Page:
Loss of a wine industry leader
Potter fermenter inventor Ron Potter has died at the age of 83. Potter, who was a graduate of Roseworthy Agricultural College’s class of 1951 (along with Mick Morris, of Morris Wines), established A & G Engineering in Griffith, which manufactures stainless-steel tanks and equipment for wineries.
His invention, the Potter fermenter, meant winery workers no longer had to shovel the skins out of fermenting tanks or vats: they could be emptied by gravity into a bin placed underneath. They could be used as a storage vessel the rest of the year. They were also a closed vessel, which lessened the risk of spoilage, and were fitted with a refrigeration jacket, which was rare at the time.
Potter was also passionate about education and drove the establishment of Australia’s second wine science course, at Riverina College, Wagga – now Charles Sturt University. The college’s winery was named the Ron Potter Centre in his honour. Potter won the 1992 Maurice O’Shea Award for service to the wine industry.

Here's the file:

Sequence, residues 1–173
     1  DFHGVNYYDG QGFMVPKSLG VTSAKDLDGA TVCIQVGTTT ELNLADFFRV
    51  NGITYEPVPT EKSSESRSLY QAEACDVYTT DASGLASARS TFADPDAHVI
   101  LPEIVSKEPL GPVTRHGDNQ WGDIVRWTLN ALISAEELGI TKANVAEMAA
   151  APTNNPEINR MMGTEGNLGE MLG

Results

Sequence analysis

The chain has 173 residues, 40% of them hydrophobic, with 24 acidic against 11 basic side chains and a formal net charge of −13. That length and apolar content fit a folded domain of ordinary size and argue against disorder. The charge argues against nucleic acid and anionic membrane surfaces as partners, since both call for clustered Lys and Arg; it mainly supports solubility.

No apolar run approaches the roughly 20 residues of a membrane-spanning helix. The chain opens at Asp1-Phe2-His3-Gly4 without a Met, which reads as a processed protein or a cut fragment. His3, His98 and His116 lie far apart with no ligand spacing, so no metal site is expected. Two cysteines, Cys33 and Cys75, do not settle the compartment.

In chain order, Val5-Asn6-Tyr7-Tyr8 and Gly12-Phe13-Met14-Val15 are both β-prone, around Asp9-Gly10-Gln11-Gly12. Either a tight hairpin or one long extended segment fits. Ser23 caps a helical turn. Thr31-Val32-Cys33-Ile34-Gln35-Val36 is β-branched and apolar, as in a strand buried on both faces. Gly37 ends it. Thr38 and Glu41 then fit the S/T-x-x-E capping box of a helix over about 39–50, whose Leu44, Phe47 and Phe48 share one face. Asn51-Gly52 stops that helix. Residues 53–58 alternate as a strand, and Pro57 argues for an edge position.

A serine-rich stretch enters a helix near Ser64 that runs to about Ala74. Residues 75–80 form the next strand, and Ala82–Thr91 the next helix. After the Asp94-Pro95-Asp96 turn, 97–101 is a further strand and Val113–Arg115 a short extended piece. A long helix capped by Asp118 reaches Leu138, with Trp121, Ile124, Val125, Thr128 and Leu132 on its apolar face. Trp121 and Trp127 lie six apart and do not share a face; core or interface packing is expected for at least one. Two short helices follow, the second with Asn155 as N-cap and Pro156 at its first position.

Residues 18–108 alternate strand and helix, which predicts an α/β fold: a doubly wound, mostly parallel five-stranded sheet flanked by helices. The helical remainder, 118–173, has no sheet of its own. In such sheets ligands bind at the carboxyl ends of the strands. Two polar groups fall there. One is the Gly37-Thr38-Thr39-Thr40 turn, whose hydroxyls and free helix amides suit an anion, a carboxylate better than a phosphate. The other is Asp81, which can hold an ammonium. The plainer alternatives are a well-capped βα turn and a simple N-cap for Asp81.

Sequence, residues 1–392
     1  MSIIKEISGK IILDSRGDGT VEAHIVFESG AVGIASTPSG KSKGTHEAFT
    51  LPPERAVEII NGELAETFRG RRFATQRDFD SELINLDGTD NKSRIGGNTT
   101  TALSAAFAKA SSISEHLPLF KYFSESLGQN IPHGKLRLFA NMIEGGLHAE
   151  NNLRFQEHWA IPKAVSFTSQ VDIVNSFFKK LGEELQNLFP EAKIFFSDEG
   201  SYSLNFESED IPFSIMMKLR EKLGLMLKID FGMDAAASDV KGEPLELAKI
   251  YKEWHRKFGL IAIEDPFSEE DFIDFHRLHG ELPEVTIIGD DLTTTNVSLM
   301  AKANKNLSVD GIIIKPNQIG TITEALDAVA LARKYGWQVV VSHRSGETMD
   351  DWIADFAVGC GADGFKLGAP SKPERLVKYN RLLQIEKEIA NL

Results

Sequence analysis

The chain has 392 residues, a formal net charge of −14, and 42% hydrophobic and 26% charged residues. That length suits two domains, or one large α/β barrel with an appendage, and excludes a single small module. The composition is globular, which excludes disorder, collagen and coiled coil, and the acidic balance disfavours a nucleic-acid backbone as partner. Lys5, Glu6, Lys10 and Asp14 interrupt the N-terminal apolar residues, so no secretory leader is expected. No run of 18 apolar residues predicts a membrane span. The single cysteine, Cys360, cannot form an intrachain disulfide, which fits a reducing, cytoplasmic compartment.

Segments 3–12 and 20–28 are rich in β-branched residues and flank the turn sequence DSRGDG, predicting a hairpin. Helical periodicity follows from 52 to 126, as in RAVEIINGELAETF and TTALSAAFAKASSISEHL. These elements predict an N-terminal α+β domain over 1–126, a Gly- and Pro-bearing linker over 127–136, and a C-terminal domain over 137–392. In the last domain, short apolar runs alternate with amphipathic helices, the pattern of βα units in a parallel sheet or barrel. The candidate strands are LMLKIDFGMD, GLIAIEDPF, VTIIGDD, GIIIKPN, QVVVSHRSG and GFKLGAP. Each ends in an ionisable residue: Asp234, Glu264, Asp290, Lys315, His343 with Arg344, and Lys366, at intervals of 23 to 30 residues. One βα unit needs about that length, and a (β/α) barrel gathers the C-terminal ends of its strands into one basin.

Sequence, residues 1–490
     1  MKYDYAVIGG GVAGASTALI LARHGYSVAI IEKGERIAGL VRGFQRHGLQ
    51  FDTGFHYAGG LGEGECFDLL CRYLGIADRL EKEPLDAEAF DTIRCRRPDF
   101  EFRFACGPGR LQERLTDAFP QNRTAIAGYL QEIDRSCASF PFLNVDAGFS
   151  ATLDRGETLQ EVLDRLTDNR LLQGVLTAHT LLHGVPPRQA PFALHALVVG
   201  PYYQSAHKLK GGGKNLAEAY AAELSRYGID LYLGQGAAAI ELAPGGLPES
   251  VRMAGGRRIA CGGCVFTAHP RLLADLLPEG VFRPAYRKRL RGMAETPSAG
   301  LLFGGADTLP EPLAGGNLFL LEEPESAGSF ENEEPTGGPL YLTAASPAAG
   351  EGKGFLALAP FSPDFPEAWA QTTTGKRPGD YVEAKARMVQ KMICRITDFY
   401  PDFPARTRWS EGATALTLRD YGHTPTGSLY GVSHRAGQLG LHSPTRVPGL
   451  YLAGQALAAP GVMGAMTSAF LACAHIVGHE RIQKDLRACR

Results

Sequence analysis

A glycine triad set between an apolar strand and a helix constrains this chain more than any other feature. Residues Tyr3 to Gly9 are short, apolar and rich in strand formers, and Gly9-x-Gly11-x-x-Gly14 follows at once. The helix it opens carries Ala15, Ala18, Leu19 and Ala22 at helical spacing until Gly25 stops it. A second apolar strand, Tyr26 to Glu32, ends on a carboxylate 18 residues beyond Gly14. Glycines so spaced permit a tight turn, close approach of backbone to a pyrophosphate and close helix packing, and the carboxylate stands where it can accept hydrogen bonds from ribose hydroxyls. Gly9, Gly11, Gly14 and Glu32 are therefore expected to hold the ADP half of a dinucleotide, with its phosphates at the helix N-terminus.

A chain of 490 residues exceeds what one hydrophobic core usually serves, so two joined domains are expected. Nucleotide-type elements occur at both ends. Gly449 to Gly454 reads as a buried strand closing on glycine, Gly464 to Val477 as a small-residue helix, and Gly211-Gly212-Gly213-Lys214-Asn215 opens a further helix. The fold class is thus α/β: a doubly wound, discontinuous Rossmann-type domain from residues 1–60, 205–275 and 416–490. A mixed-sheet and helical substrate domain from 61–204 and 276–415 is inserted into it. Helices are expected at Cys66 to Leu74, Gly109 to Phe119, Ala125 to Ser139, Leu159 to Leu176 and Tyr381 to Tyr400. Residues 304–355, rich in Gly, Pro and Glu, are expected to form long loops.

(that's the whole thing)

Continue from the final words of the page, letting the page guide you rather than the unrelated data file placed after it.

Winemaking consultant Gary Baldwin says the Potter fermenter was a very important labour-saving device, used all over Australia and overseas. “A&G was the major supplier of stainless steel to the wine industry for probably 30 or 40 years,” he said.
Baldwin described Potter as a dinkum Australian, a lean and wiry chap who loved taking road trips to the Outback with his mates. “They would buy a case of a top Penfolds red, such as Bin 389, and decant it into a 20-litre wine-cask bladder, so they could take it with them and have a few glasses of really good wine every night.” A typical engineer’s solution to a problem!
The funeral was held in Griffith on September 25.